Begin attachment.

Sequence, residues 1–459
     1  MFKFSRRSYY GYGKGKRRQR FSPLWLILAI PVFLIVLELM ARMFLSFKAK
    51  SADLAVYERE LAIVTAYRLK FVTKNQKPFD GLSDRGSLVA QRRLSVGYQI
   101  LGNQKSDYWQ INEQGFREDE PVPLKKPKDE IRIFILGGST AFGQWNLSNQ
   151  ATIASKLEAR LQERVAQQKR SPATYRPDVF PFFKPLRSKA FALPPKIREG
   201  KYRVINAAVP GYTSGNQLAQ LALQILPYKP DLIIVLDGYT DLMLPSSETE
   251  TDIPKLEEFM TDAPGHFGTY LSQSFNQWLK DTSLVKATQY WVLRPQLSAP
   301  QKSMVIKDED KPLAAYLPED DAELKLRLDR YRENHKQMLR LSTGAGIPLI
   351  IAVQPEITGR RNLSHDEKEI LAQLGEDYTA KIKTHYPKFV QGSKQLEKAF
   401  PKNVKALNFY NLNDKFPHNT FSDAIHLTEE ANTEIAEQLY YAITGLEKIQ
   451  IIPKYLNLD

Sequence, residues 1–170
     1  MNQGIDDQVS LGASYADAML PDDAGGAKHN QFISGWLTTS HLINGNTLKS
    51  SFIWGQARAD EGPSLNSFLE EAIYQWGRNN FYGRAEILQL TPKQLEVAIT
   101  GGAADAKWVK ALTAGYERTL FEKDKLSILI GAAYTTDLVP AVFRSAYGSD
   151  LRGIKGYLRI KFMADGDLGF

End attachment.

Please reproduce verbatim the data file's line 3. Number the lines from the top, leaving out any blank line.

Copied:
    51  SADLAVYERE LAIVTAYRLK FVTKNQKPFD GLSDRGSLVA QRRLSVGYQI